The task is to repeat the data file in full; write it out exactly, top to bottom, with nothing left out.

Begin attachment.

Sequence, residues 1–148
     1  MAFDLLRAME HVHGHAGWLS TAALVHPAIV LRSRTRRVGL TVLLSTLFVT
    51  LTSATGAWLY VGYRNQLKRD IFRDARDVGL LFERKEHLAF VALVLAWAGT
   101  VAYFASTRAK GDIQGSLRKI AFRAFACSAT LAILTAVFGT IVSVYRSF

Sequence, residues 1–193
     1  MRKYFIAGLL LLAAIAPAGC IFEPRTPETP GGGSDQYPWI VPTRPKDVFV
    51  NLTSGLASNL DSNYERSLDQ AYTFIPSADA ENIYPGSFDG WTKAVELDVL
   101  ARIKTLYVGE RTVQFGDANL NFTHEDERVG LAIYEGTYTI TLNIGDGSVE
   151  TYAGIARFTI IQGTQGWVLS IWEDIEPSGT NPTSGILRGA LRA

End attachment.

Sequence, residues 1–148
     1  MAFDLLRAME HVHGHAGWLS TAALVHPAIV LRSRTRRVGL TVLLSTLFVT
    51  LTSATGAWLY VGYRNQLKRD IFRDARDVGL LFERKEHLAF VALVLAWAGT
   101  VAYFASTRAK GDIQGSLRKI AFRAFACSAT LAILTAVFGT IVSVYRSF

Sequence, residues 1–193
     1  MRKYFIAGLL LLAAIAPAGC IFEPRTPETP GGGSDQYPWI VPTRPKDVFV
    51  NLTSGLASNL DSNYERSLDQ AYTFIPSADA ENIYPGSFDG WTKAVELDVL
   101  ARIKTLYVGE RTVQFGDANL NFTHEDERVG LAIYEGTYTI TLNIGDGSVE
   151  TYAGIARFTI IQGTQGWVLS IWEDIEPSGT NPTSGILRGA LRA